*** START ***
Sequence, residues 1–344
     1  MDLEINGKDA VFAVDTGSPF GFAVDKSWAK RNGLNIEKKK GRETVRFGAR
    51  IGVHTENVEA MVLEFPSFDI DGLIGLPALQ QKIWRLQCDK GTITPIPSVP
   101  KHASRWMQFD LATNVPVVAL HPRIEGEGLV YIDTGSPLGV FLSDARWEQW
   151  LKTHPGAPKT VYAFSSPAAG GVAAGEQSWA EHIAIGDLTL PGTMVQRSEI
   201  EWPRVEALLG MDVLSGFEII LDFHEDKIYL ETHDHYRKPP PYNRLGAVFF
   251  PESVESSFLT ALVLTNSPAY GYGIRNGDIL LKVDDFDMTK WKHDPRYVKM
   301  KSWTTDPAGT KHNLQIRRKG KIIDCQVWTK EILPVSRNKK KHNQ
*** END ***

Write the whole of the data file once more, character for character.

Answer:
Sequence, residues 1–344
     1  MDLEINGKDA VFAVDTGSPF GFAVDKSWAK RNGLNIEKKK GRETVRFGAR
    51  IGVHTENVEA MVLEFPSFDI DGLIGLPALQ QKIWRLQCDK GTITPIPSVP
   101  KHASRWMQFD LATNVPVVAL HPRIEGEGLV YIDTGSPLGV FLSDARWEQW
   151  LKTHPGAPKT VYAFSSPAAG GVAAGEQSWA EHIAIGDLTL PGTMVQRSEI
   201  EWPRVEALLG MDVLSGFEII LDFHEDKIYL ETHDHYRKPP PYNRLGAVFF
   251  PESVESSFLT ALVLTNSPAY GYGIRNGDIL LKVDDFDMTK WKHDPRYVKM
   301  KSWTTDPAGT KHNLQIRRKG KIIDCQVWTK EILPVSRNKK KHNQ